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Keep an eye on the prize for major gifts

Published:  02/19/2016

Originally published in the February 19, 2016 AHP Connect

The following article is based on an AHP webinar presented on January 20, 2016, by Thomas Garrow, president of the Garrow Company, and Jeanne Jachim, president of the Virginia Mason Foundation in Seattle.

Donor-centered philanthropy endeavors to shift prospect cultivation toward the interests of donors rather than the needs of the organization seeking the donation. A donor-centered process can lead to larger gifts and more repeat gifts because it more fully engages and fulfills the donor’s need for recognition and desire to positively affect matters that are important to her or him.

In their recent AHP webinar, Tom Garrow and Jeanne Jachim present an approach to donor- centered philanthropy that emphasizes the value of uncovering what they call “The Prize.” Garrow describes the prize as “that experience of personal attention, demonstration of how much particular people (hospital CEO, doctor, nurse, etc.) value the donor as a person, public recognition and/or proof of impact that combine to reward the donor for making a gift.”

The prize is not material. It recognizes that philanthropy is a behavioral response to a set of needs, ranging from pure altruism to various degrees of self-interest—including the need for friendship, the need for recognition or the need to fulfill a sense of obligation to give back to the community.

Pull vs. push

Jachim characterizes this tactic as a “pull-system”— somewhat akin to the customer-centered experience of shopping in a grocery store—as opposed to traditional moves-management steps by which fundraisers try to push prospects to a point where a solicitation can be made.

“You start with this notion of what does the donor ultimately want to get to—what is their prize—and then you work backward,” she says, “so that you’re saying: What would it take to increase this person’s passion and engagement based on their own personal interest?”

To give structure to this approach, Jachim and Garrow draw on two complementary management methodologies: “LEAN” and “Design Process.” Both originated in the manufacturing and construction industries, but today are finding applications in a host of enterprises—from education and health care to philanthropy.

LEAN focuses on increasing quality and safety, increasing customer satisfaction, decreasing cost, eliminating waste and increasing staff satisfaction by reducing the burden of work. As applied to major gift cultivation, LEAN calls for achieving customer satisfaction by ensuring that the donor’s interest—the prize—is always the central driving factor.

Keeping one’s eye on the prize streamlines the prospect cultivation process. It empowers the major gifts officer (MGO) to more effectively customize and create a plan because what the donor wants has been clearly identified.

Identify unmet needs

So how do we discover the donor’s unmet need (the prize) so we can satisfy it? That is where the “Design Process” comes in—a methodology that starts with understanding and observing a situation, then leads to formulating and testing ideas and prototypes.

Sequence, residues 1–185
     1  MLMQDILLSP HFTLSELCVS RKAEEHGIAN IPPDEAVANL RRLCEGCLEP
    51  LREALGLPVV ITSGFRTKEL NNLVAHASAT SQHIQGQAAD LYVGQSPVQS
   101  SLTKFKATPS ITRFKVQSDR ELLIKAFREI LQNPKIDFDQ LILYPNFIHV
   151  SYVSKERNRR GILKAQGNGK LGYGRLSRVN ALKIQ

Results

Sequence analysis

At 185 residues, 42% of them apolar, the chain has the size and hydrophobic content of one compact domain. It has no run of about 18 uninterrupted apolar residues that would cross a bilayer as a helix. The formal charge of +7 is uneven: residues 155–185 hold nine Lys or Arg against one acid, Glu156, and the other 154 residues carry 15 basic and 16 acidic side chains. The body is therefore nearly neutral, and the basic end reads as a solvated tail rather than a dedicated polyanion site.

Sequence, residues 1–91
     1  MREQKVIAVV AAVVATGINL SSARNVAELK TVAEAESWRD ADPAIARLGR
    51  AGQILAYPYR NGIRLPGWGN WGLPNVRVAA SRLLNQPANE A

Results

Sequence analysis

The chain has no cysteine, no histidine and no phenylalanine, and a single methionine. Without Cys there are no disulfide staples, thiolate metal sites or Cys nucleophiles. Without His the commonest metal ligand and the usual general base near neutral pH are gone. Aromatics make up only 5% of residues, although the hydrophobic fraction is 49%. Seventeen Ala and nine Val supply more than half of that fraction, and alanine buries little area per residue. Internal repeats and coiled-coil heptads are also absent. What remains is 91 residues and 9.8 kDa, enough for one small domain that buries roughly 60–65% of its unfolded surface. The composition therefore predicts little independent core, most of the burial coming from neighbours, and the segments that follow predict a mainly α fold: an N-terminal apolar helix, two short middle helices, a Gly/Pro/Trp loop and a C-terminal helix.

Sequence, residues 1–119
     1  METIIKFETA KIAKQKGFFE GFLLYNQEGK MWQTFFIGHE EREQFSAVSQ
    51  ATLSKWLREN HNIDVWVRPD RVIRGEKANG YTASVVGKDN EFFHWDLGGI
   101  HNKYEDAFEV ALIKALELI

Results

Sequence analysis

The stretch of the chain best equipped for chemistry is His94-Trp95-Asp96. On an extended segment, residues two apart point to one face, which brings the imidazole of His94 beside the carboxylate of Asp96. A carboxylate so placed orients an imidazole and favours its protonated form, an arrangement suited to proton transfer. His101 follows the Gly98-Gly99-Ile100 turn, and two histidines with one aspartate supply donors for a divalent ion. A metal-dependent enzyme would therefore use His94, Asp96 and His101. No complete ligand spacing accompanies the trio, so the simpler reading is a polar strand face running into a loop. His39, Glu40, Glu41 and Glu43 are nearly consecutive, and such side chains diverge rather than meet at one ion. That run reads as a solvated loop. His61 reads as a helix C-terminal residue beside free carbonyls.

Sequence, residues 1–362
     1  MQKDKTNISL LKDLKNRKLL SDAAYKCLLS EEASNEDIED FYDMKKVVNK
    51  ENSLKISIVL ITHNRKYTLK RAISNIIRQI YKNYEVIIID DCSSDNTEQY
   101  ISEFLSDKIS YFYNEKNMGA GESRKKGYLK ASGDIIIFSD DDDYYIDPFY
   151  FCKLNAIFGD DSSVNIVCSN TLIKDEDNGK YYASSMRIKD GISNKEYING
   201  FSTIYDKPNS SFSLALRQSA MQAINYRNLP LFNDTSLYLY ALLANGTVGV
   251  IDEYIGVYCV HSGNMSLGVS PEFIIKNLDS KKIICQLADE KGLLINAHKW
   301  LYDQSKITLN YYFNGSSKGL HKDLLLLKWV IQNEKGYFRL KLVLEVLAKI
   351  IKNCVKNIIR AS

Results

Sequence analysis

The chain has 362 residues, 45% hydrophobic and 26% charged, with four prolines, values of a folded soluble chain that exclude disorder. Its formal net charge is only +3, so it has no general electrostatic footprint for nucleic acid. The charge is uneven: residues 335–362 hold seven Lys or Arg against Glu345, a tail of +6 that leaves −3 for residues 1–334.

The phases of the Design Process proceed on a continuum. For the MGO, this begins by taking steps to understand and observe the behavior of potential donors, as well as gain insight into their points of view, who they are and what they care about. This calls for face-to-face meetings with the purpose of engaging, understanding and inviting prospective donors to take a next causal step in developing a deeper relationship.

Besides providing insight (ideation) into what might delight prospects if they make a gift (their prize), this knowledge helps determine if their giving capacity and interest actually warrant further action. Can you create a “causal path” that leads to a major gift?

If so, the next phases involve generating ideas for further engagement (ideation/prototyping/testing); summarizing progress; and providing detailed information about aspects of the hospital’s programs that interest potential donors, including visits and meetings with key players (physicians, director of medical programs, CEO, etc.).

Develop a plan

A key aspect of the LEAD and Design Process involves systematically documenting observations, steps taken and steps planned. Garrow suggests creating a strategy story board with panels for key players and their related causal moves, as well as dates for when each "scene" should occur.

At Virginia Mason Foundation, MGOs use a “prospect readiness” check list to ensure they cover information about each prospect’s background, interests and resulting “causal interactions.” They also carefully account for each action they plan to take with the prospect that leads up to the invitation to give.

Jachim and Garrow point out that MGOs often experience pressure and anxiety because they feel they are working alone at their craft. These written plans, or “iterations,” provide a structure for MGOs to collaborate and share plans and ideas with colleagues, hospital staff and foundation leadership.

By pursuing the donor-centric route, MGOs can increase the likelihood of delivering immense satisfaction to the donor (the prize) and securing significant major gifts for the institutions they support.

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